Social entrepreneurs come from all walks of life, social enterprises work in different sectors, are different sizes and make both big and small social contributions. This means that anyone with…
- Relevants skills
- Great idea
- Guts to go ahead with it
Imagine you come up with a product that you believe would benefit your surroundings and society, such as a new educational tool for the local school to teach children about recycling. You spend 50 euros to produce this new tool and you sell it to the local school for the price of 100 euros. You then use this 100 euros to create two new sets of your product and you sell it to two other schools and make 200 euros in the process and again put it back into your business and use the profit to develop the tool further, to produce more of your product and, well, give yourself a salary as well…maybe in the future even hire a person to help you and provide a job for someone. This is the essence of social enterprise: impact the society (teach the value of recycling that benefits a larger community) and provide employment for yourself (and maybe even someone else in the future).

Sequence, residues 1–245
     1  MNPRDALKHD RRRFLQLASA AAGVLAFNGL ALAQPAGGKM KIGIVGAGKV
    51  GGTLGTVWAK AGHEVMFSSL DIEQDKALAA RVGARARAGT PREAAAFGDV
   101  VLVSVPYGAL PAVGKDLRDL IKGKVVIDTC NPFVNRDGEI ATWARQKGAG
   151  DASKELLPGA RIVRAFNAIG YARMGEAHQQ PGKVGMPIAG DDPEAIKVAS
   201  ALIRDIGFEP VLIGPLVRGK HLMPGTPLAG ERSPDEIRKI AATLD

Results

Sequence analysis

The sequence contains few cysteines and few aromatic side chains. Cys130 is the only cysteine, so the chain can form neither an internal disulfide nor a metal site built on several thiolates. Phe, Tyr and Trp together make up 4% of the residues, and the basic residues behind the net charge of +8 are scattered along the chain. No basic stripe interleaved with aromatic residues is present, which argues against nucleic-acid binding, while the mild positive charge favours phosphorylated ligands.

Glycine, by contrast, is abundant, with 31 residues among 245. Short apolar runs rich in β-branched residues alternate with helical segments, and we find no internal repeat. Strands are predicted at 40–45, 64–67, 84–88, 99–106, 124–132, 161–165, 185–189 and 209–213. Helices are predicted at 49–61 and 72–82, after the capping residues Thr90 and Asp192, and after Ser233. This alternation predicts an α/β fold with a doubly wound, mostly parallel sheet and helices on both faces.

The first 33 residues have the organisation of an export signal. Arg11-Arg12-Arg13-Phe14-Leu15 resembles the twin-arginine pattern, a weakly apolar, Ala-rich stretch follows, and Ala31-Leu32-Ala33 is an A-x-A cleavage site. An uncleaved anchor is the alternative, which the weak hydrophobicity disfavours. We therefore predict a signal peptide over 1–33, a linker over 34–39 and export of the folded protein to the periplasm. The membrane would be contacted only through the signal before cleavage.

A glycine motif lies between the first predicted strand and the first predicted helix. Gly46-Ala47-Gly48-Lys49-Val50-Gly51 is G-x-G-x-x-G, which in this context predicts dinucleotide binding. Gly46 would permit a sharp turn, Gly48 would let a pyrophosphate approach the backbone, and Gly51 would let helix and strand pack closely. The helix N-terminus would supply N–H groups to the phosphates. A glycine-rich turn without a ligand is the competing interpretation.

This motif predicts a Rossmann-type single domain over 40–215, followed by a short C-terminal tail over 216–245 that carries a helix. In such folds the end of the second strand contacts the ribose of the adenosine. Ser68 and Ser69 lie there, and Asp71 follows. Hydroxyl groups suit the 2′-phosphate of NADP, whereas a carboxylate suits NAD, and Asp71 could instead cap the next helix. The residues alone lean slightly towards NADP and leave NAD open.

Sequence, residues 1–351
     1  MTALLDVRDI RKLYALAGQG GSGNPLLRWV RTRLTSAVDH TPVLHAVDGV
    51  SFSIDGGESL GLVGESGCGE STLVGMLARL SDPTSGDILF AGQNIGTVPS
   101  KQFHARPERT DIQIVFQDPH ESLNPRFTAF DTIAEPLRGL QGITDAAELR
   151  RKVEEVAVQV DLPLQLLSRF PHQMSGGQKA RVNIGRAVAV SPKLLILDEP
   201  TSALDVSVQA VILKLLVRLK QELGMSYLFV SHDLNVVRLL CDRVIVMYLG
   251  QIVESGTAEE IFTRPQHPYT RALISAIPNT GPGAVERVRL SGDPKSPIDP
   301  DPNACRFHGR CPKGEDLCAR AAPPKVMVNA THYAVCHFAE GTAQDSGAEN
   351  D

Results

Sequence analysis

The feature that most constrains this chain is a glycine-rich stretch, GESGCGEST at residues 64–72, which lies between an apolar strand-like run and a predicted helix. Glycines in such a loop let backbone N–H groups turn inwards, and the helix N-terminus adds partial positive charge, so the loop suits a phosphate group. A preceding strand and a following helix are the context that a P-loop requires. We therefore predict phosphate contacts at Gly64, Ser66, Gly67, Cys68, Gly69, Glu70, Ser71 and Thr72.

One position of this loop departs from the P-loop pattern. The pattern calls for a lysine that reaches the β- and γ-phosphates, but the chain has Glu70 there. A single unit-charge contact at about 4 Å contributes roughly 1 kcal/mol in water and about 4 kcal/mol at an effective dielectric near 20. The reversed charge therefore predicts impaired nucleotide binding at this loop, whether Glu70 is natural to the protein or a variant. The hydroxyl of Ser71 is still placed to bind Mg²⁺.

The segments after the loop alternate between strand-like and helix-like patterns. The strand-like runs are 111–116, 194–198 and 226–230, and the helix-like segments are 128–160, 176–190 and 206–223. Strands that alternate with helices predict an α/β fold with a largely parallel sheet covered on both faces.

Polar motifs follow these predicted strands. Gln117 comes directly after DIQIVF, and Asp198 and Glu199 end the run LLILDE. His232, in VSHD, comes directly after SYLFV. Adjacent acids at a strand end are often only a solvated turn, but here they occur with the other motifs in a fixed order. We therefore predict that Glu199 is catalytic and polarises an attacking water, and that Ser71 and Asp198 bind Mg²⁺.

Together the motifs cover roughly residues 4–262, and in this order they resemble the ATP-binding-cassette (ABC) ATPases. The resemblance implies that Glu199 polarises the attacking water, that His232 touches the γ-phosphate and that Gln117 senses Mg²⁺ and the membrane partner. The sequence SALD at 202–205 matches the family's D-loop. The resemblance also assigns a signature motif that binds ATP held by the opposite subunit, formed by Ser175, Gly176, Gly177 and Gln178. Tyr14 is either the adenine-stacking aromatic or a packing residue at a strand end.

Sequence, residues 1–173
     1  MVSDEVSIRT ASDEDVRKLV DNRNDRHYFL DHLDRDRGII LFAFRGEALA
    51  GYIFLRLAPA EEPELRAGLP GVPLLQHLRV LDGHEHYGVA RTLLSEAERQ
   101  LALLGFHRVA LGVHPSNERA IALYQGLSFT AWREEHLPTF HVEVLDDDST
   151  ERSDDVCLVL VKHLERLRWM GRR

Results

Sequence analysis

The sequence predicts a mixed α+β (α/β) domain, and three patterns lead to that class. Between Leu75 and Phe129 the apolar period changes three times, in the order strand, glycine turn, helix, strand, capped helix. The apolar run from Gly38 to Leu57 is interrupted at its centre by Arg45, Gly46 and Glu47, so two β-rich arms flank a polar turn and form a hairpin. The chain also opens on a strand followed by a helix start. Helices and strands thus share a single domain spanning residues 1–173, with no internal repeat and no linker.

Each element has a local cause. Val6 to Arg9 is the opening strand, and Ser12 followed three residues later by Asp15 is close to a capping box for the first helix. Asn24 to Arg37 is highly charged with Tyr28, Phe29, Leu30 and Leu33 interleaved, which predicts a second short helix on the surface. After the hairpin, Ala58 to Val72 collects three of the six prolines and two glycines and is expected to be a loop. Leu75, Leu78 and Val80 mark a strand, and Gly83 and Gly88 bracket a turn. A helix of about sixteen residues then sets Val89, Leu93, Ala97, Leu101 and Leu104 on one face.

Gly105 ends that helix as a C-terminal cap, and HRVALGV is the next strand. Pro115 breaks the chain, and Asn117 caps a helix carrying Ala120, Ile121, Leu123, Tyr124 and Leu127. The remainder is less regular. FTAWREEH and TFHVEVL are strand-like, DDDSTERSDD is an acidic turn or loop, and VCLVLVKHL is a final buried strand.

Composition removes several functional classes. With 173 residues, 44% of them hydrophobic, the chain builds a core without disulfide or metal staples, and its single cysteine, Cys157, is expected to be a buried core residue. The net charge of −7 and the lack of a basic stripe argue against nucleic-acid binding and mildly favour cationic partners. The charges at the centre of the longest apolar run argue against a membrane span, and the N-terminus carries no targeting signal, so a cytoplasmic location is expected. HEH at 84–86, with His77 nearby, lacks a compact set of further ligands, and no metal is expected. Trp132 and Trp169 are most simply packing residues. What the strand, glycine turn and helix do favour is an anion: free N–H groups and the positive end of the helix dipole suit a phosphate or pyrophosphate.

This is what Jane Chen did with her business education and experiences in developing countries to produce Embrace that has helped countless newborn babies to survive past their first months. By offering also education and training the company has been able to expand their services and take preventive action on a great deal of problems relating to maternal health. Simple solution, using simple technology that is making a real difference.
Women in Science
Women are under represented in science education and employment in the majority of societies in Europe, and women also enter into self-employment in lower numbers compared to their male counterparts. Women on the other hand may be more interested in applying their skills for practical purposes and for solving social problems, which makes them an ideal target group for advancing social entrepreneurship. At least in the UK, female entrepreneurs are forming social enterprises more than other types of businesses, indicating they want to put their skills to practical use.
Combining the huge growth potential of the social entrepreneurship sector to the pool of female engineers, scientists and technology experts (and others as well) who want to use their skills to use in developing societies and communities, the opportunities are limitless. The small and medium size business sector is also the fastest growing form of employment in Europe with the majority of new jobs today being formed in smaller enterprises.
Who then are the benefactors of Social entrepreneurship? Take a look at the following article to find out more on the benefits of social entrepreneurship for yourself and your community.